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tatsujin
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Joined: 12 Oct 2021
Posts: 162

Styles: Ryusei-ha Ryukyu Kempo Karate-jutsu

PostPosted: Wed Mar 23, 2022 11:30 am    Post subject: Martial arts related book review criteria? Reply with quote

If you were going to read a review of a book on a martial arts related topic, what are the criteria that would be important to you. Keep in mind, this would be for fiction, non-fiction, instructional, informational, etc. Really anything in printed or ebook format that is in any way related to the martial arts.

So far, I have the following:

Quality of Writing: Is the writing on the given topic flowing and easy to understand? Does it break down difficult topics well? Is it dry and boring or does it keep your interest and attention?

Uniqueness of Information: Is this a rehash of information that is already in the public domain or new and unique?

Physical Quality: If printed, is it well put together and constructed...quality paper, well bound, good cover, durable. If an eBook, how is the formatting of the text, quality of images (if used), etc.

Format Availability: Hardback, softback, ePub, Kindle

Price: How much does it cost (in whatever format) when compared to other books in similar categories AND in comparison to the value of the information it contains.

Intangibles: Anything else important to the author of the review that should be pointed out to the reader that does not fall into the other categories above.

What do you think of the criteria above and what others would you add?

Thank you for your input.
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For me bujutsu is not a set of techniques, but a state of the body. Once the principles are integrated, the techniques surge spontaneously because the body is capable of adapting instantaneously.
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DarthPenguin
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Joined: 03 Dec 2021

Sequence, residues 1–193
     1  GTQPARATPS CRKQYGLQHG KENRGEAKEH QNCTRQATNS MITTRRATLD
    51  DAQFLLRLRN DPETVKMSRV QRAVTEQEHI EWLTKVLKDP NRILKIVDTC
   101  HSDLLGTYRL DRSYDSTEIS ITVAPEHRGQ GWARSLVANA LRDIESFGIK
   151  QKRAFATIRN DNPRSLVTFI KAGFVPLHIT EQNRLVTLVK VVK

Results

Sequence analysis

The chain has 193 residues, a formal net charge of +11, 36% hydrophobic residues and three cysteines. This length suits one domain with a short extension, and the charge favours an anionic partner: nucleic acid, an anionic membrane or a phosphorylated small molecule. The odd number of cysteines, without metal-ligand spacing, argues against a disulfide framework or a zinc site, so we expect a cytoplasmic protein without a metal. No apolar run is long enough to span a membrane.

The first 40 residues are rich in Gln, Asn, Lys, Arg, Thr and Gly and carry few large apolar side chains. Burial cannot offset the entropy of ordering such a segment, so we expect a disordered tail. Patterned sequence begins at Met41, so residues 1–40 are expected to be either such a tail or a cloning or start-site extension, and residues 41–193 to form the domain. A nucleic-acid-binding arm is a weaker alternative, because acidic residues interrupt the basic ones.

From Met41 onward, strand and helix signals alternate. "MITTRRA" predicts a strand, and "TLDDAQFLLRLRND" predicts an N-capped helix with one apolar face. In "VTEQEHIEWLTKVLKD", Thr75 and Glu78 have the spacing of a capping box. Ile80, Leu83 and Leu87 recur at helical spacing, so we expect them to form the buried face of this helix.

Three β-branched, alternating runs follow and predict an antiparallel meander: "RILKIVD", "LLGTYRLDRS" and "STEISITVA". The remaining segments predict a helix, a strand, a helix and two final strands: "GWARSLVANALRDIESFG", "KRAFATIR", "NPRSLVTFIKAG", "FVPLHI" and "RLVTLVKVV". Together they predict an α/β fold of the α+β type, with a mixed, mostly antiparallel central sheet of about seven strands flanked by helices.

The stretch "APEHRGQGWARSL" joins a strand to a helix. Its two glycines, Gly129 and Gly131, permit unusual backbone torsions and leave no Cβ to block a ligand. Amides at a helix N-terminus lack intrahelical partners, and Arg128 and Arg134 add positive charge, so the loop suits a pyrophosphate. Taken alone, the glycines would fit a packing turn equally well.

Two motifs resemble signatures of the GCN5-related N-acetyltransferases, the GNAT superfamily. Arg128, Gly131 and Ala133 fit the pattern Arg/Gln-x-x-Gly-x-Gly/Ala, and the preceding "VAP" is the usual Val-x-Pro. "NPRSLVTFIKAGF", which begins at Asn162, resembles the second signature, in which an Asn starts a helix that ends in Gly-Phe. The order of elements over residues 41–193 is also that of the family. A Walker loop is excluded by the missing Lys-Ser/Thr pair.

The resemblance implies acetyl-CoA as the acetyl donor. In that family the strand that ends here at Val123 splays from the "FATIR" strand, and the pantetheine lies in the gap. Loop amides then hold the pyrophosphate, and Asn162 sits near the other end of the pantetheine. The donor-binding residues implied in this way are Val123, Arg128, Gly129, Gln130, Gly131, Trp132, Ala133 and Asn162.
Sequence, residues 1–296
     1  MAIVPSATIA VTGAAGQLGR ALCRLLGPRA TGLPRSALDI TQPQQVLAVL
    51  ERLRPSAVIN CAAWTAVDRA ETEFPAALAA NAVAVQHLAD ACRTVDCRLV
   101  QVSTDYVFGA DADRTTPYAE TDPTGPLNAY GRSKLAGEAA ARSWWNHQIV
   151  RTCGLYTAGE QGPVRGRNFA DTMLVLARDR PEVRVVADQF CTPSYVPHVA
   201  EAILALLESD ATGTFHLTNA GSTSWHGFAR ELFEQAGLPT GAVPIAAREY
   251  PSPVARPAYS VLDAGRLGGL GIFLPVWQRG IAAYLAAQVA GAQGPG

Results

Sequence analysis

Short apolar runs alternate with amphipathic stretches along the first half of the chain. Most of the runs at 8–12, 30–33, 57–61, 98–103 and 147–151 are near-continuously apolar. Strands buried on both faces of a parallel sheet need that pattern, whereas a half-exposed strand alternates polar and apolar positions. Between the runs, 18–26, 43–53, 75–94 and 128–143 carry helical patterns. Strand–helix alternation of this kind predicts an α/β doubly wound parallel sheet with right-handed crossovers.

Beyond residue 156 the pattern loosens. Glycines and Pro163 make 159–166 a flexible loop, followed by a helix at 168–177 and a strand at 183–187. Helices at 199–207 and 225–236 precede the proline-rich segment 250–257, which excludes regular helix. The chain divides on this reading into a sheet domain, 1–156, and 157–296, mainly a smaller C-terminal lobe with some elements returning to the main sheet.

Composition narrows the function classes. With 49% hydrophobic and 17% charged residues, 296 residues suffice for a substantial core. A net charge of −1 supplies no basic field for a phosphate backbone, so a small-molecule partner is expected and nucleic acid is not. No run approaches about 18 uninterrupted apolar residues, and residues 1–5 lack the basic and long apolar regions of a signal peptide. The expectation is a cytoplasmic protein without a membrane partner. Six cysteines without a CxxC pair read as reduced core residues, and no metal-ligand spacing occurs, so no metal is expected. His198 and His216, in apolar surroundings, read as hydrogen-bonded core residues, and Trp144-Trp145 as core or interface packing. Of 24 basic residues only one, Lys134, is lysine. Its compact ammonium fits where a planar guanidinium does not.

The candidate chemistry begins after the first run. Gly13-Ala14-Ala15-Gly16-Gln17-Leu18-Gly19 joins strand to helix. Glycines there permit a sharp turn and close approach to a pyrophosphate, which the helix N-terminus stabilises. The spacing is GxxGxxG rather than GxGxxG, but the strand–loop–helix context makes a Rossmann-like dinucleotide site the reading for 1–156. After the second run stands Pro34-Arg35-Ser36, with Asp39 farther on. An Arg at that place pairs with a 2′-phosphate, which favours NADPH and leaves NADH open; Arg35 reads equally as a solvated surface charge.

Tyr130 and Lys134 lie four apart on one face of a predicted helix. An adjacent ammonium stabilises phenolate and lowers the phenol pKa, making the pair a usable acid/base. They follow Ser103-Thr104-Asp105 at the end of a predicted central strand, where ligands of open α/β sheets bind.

Posts: 134
Location: Glasgow, Scotland
Styles: Shotokan, Judo, BJJ

PostPosted: Sun Apr 24, 2022 10:36 am    Post subject: Reply with quote

Interesting post!

One addition i would make (for instructional style books mainly) would be

Pictures / Images : Quality and variety of pictures used to illustrate technique/information. Are there sufficient angles covered and are the images easy to follow

Personally i would also slightly amend the uniqueness of information one since if it is instructional based then there should be some commonality of information with other sources on the technique, though i would expect some individual input or opinion from the author.

in my personal book collection the only real technique based martial arts books i have are for BJJ and you can notice a large difference between publishers and authors. I have a couple that have excellent content but the pictures are not easy to follow at all and some others that while they have less content are a million times more accessible. I tend only to purchase ma technique books for BJJ since there are so many techniques and variations on them that i might not be shown all that i would like by my coach as they are focusing on something else. With something like Karate though it has a bit more of a syllabus so i can rely on my instructor to show me all i need to see and then i can adapt my personal style accordingly.
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